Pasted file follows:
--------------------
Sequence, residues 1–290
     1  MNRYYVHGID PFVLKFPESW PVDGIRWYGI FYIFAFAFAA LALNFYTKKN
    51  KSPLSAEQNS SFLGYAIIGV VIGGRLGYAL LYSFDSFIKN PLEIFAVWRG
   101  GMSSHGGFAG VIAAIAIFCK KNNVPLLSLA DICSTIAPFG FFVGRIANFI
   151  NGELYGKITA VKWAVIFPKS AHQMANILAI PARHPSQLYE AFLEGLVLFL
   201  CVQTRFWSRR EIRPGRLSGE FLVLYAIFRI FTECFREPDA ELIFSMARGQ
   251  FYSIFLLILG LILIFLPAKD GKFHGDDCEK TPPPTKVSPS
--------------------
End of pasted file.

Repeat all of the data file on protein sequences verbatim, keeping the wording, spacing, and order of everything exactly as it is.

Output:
Sequence, residues 1–290
     1  MNRYYVHGID PFVLKFPESW PVDGIRWYGI FYIFAFAFAA LALNFYTKKN
    51  KSPLSAEQNS SFLGYAIIGV VIGGRLGYAL LYSFDSFIKN PLEIFAVWRG
   101  GMSSHGGFAG VIAAIAIFCK KNNVPLLSLA DICSTIAPFG FFVGRIANFI
   151  NGELYGKITA VKWAVIFPKS AHQMANILAI PARHPSQLYE AFLEGLVLFL
   201  CVQTRFWSRR EIRPGRLSGE FLVLYAIFRI FTECFREPDA ELIFSMARGQ
   251  FYSIFLLILG LILIFLPAKD GKFHGDDCEK TPPPTKVSPS